I Will Not Say the Day is Done
Nor Bid the Stars Farewell
By Dolores J. Nurss
Chapter 5, Part 102
The Wages of Victory
(February 26, 1452)
"Don't you dare!" Frodo dragged Mattie to her feet, though the pain in his leg-wound shot clear up to his jaws. He shook her till she inhaled with a gasp, opened up her eyes again and smiled at him. "Don't you dare die and feed Sauron--you deserve better than that!" Frodo manhandled her into a stagger through the sand, back and forth, back and forth, speckles of his blood marking their circuit.
A cane tapped his ankle and then Elenaril's hand found his shoulder. "I couldn't stop her," the herbwife sobbed like all the tears she couldn't weep choked in her throat. "I tried, Frodo--oh heavens how I tried!" Frodo saw that one of her sleeves dangled half-torn from her shoulder.
"Say 'him', Elenaril. Outside my house you must always say 'him'." A hand stole to her mouth in shock. "It's all right--nobody heard. Now go to Bergil--he needs you."
"Bergil! Is he wounded?"
"We're all wounded." Her nostrils flared as she suddenly realized that she'd been smelling blood all along. Frodo heard her cane tap across the boulder, occasionally splashing when it hit a tidepool and drew back. But he concentrated on keeping Mattie moving.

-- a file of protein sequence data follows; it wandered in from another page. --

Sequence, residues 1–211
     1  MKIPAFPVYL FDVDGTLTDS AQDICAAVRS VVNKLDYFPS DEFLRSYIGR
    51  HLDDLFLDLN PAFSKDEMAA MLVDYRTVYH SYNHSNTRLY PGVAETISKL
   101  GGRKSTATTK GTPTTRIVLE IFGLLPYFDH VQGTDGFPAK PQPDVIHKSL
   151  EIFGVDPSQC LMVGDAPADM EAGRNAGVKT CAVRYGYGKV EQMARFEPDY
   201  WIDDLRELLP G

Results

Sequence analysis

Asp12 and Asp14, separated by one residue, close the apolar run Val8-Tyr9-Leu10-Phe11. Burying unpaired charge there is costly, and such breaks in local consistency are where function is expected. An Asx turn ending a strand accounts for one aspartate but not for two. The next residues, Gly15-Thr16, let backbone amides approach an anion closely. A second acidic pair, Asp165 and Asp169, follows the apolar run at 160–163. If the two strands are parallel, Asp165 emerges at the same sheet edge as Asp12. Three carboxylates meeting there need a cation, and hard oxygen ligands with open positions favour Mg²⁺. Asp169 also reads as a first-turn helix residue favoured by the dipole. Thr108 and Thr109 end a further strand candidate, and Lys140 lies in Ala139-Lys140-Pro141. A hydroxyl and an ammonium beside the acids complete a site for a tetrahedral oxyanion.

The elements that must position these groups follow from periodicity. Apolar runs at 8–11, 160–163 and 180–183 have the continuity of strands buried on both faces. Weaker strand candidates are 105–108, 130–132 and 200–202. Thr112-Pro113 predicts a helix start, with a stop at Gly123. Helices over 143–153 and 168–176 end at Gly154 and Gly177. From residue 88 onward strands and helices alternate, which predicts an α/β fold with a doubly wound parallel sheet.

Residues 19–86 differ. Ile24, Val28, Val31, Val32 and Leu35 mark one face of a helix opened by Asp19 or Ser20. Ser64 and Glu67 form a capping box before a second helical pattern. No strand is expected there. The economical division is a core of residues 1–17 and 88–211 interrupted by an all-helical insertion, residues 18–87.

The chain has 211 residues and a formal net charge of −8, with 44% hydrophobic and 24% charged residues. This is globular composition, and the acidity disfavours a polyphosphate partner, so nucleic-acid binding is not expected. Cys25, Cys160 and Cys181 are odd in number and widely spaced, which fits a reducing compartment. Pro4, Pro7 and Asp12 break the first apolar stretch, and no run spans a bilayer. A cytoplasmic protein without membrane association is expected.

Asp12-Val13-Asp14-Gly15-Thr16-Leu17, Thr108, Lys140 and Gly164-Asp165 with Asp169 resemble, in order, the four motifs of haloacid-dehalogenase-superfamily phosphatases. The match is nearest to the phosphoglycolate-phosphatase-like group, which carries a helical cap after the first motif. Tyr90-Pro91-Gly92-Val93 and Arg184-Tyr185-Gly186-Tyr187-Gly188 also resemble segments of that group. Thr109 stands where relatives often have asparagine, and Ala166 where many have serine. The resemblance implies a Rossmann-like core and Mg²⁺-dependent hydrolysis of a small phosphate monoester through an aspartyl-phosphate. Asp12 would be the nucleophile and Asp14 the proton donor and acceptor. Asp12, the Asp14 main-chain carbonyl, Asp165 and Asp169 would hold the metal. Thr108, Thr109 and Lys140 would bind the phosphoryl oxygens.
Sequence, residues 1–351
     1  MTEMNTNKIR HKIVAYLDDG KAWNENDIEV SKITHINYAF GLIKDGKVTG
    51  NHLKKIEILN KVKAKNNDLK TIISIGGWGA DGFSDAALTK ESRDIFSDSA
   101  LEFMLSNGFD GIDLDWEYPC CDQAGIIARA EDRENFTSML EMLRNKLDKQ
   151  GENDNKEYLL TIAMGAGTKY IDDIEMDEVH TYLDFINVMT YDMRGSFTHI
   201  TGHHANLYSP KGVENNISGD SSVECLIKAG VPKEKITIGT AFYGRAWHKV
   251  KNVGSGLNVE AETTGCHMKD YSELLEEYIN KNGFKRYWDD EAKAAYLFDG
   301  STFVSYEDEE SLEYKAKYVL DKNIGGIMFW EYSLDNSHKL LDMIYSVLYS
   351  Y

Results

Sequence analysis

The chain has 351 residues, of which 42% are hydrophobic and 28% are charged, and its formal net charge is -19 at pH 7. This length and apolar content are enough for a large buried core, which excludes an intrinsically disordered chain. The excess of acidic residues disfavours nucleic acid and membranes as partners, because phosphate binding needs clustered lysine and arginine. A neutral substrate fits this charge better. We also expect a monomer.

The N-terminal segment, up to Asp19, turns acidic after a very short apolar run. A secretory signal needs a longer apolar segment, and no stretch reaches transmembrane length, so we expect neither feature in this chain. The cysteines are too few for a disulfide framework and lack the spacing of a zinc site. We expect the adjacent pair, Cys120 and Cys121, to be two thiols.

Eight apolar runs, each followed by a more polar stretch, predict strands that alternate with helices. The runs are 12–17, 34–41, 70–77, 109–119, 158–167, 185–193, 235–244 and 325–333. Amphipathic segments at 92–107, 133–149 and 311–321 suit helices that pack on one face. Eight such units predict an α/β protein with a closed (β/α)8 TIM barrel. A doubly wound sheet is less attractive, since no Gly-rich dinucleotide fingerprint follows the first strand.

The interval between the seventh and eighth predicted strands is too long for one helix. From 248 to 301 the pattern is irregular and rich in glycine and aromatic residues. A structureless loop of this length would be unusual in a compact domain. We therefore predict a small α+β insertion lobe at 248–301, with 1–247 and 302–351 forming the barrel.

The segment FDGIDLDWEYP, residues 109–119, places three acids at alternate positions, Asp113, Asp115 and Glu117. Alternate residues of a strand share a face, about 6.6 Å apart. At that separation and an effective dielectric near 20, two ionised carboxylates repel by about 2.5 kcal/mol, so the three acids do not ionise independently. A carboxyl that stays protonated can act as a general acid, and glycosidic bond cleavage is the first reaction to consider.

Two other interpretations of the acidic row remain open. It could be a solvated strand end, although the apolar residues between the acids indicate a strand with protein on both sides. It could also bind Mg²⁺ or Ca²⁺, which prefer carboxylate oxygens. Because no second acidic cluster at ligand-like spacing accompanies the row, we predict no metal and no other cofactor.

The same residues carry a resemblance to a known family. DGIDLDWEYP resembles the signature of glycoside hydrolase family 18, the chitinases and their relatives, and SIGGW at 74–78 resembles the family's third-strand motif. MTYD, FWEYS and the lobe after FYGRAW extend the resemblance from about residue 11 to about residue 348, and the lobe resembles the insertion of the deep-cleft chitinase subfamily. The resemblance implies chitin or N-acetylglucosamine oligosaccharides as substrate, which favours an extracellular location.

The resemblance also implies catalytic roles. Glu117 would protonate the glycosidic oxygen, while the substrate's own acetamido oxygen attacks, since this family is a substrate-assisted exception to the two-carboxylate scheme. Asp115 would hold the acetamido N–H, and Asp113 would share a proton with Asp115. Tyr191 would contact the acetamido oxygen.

"Bergil? Where are you, my heart?"
"Right here, beloved."
Frodo turned in his circuit and saw them embrace. Then Elenaril sniffed for blood and traced it down to Bergil's forearm. She keened and cradled the hurt limb against her breast, the red stain spreading down her undyed robes. But soon her training kicked in and she set herself to binding up his hurt. After she got him stabilized she joined Leech in tending all the other casualties, while Frodo walked round and round with Mattie, his own wound aching like his heart.
"He sang us here," someone said behind Frodo.
"What?" He turned and stared into a man's wide-eyed face.
"He sang us all here. Mattie the Messenger. We din't want to fight no dragons, but he gave us the heart to build a fire, at least, and find the blasting-stuff that the orcs had left behind."
"Good for you," Frodo said, and he couldn't say himself whether he meant that sincerely or sarcastically. And he went on walking Mattie. She looked positively green, but she kept on smiling, eyes now shut.